Even in midsummer, the hills above the market town of Rhayader in mid-Wales should be so soggy that a walk results in unpleasantly damp hiking socks. “It ought to feel really squelchy here,” said the National Trust’s Alan Kearsley-Evans. “Ten or 20 years ago you’d have been ankle deep. Now your feet stay dry.”
Kearsley-Evans is general manager for a sprawling patch that includes the well known peaks of the Brecon Beacons and beaches of the Gower peninsula, but it is his work trying to help restore the much less familiar peat uplands of Abergwesyn common that he believes may be the most important.
“It’s what keeps me awake at night,” he said. “We have to stop the tops drying out, stop the peat eroding, stop the water flowing down.”
Peatlands are crucial because of their role in countering the climate emergency by storing carbon. They are also vital in alleviating the risk of flooding, as they slow the flow of water off the high ground and, in places like Abergwesyn, provide important habitats for birds such as curlew, skylark and golden plover.
But peatlands across the world are drying out because of global warming and factors such as farming practices, including overgrazing.
At Abergwesyn, the National Trust aims to work with the “commoners”, who for generations have run animals, mainly sheep, over the hills. The trust is keen to plant trees such as hawthorn, birch and rowan on the slopes to slow the water and improve habitats. Given that it owns a huge 6,500 hectares, the planting is likely to take years and there may eventually be an argument to look at techniques being used in places such as Australia to spread seeds with drones.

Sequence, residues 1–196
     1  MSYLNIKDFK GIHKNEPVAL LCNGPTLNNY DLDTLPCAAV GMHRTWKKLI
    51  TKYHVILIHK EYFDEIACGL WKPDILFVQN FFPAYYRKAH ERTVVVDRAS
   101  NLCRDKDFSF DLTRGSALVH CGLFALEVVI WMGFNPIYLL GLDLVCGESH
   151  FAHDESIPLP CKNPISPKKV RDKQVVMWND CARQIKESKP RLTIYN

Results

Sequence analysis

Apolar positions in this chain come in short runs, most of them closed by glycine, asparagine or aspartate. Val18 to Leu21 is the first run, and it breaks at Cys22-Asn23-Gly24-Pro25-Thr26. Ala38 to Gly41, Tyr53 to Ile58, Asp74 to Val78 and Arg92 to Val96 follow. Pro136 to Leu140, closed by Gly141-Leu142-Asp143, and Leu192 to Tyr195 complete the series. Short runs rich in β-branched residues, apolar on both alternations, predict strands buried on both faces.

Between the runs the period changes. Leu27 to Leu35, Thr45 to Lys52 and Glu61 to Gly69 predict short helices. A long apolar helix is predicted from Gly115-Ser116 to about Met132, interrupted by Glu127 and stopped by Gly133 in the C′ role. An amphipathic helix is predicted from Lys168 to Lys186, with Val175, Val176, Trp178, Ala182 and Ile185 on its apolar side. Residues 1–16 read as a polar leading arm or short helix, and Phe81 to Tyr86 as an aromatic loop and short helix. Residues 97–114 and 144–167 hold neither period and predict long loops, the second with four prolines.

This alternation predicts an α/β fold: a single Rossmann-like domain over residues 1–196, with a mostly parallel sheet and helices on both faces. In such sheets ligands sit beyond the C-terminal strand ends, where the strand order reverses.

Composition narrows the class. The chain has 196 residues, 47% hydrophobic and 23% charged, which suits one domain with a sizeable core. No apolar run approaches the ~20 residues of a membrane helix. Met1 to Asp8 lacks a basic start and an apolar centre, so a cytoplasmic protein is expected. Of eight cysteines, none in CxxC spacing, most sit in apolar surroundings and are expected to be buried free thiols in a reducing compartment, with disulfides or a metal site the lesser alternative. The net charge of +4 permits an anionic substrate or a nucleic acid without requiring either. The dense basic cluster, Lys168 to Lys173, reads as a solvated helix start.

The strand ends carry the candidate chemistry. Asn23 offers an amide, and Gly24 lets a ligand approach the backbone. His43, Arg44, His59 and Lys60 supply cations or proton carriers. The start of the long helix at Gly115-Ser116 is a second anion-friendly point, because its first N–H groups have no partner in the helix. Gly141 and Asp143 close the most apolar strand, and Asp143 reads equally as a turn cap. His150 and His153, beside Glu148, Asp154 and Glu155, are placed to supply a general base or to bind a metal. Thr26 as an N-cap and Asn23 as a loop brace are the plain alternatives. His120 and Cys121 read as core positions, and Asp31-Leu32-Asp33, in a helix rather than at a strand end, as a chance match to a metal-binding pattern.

There are also plans to block ditches on the hilltops that were dug after the second world war to dry out the ground and provide more grazing land. Blocking them would, hopefully, make the tops wetter and more spongey.
But perhaps the most vital work is to encourage and help the commoners to tweak the way they operate. Discussions are under way to find out whether commoners are prepared to trade in some of their sheep rights for cattle ones, which would lead to fewer animals on the hills (the right to five sheep might be switched to one cow, for example) and create a mix of animals that graze in different ways.
Kearsley-Evans emphasised that the idea was not to clear the tops of sheep but rather to work closely with commoners to restore the high ground. “We’d like to see cattle, ponies and sheep grazing side by side,” he said. “But this area is so big we can’t do it by ourselves. We have to work together.”
A modest revolution took place this week in Abergwesyn when one farmer, Mark Jones, fitted 10 cows with GPS “no fence” collars, paid for by Natural Resources Wales, as part of a trial “cattle back” scheme.